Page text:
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2019 - APSA Annual Meeting & Exhibition Words: 181 words || 
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1. Bjarnøe, Camilla., Boydstun, Amber. and Adams, James. "Does the Press’ Focus on Issues vs. Character Match Candidates’ Focus?" Paper presented at the annual meeting of the APSA Annual Meeting & Exhibition, Marriott Wardman Park, the Omni Shoreham, and the Hilton Washington, Washington, DC, Aug 28, 2019 <Not Available>. 2020-02-24 <http://citation.allacademic.com/meta/p1522652_index.html>
Publication Type: Conference Paper/Unpublished Manuscript
Review Method: Peer Reviewed
Abstract: News coverage of candidates during election campaigns can influence who wins and who loses elections. Although candidates can decide how much of their campaign messaging to spend on portrayals of policy issue stances versus personal character, they have less control over how their messaging is represented in the news. We know little about how news representations of candidates’ self-portrayals (via quotations and paraphrases of candidate statements selected by journalists) compare with journalists’ portrayals of the candidates (via the portion of news coverage of candidates that is not cribbed directly from candidates’ messaging). Do candidates and the press present similar or different portrayals? We investigate this question using systematic content analysis of national news coverage of election campaigns across ten western democracies (20 elections in total), and find that while candidates talk about issues (as captured in their quoted/paraphrased remarks in the news), the press tends to downplay issues and talk more about candidates’ character. The findings have implications for candidates’ campaign strategies, for the relationship between the press and candidates, and for normative questions about the press’ role in contemporary democracy.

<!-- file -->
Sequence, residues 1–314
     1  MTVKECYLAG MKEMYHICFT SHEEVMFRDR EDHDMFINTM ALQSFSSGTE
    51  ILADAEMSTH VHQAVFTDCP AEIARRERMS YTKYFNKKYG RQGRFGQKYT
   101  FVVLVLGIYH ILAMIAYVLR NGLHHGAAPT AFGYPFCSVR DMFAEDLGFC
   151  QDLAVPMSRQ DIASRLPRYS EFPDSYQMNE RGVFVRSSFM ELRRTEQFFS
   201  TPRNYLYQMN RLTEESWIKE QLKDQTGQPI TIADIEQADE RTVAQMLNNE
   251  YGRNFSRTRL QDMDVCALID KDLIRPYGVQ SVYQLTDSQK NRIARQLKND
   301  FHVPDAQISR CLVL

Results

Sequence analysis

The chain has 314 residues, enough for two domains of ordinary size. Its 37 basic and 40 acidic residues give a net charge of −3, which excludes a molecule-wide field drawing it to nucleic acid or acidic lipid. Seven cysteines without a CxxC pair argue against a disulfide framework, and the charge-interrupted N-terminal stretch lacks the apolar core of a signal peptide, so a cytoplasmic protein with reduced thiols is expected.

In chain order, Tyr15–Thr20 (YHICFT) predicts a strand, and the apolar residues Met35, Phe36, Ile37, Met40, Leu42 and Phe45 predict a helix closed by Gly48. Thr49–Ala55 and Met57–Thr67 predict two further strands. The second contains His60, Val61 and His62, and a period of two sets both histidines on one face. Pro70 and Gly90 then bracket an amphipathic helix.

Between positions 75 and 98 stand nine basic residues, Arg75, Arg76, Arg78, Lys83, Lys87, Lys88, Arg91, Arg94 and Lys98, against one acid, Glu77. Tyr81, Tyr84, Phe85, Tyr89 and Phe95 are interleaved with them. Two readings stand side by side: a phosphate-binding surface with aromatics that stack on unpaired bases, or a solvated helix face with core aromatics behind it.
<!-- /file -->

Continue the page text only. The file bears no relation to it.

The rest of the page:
2010 - American Psychology - Law Society Words: 102 words || 
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2. Yano, Kimberly., Weaver, Christopher., Karl, Philip. and Jackson, Rebecca. "Reported PTSD Assessment Practices of PTSD-focused and Forensic-focused Clinicians: Diagnosis and Overreporting" Paper presented at the annual meeting of the American Psychology - Law Society, Westin Bayshore Hotel, Vancouver, BC, Canada, Mar 18, 2010 <Not Available>. 2020-02-24 <http://citation.allacademic.com/meta/p399154_index.html>
Publication Type: Poster
Review Method: Peer Reviewed
Abstract: We surveyed “PTSD-focused” and “forensic-focused” psychologists to inquire about their “usual practice” of and attitudes toward a number of elements of PTSD assessment, specifically including overreporting of symptoms. Analyses indicated differences in approaches to overreporting, despite similar estimates of overreporting and potential for secondary gain. Empirical support for PTSD measures was desired by respondents, but the empirical support of many current PTSD instruments was unknown to them. Implications for these preliminary findings and their impact on forensic practice include a) the potential need for an integrated assessment of PTSD and dissimulation, and b) the legal admissibility of PTSD-focused clinicians’ assessments.

2015 - American Society of Criminology – 71st Annual Meeting Words: 125 words || 
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3. Magnus, Amy. and Willis, Carolyn. "Moving Between Infinity Focus and Aperture: The Researcher’s Lens and the Focus of Research" Paper presented at the annual meeting of the American Society of Criminology – 71st Annual Meeting, Washington Hilton, Washington, DC, <Not Available>. 2020-02-24 <http://citation.allacademic.com/meta/p1044938_index.html>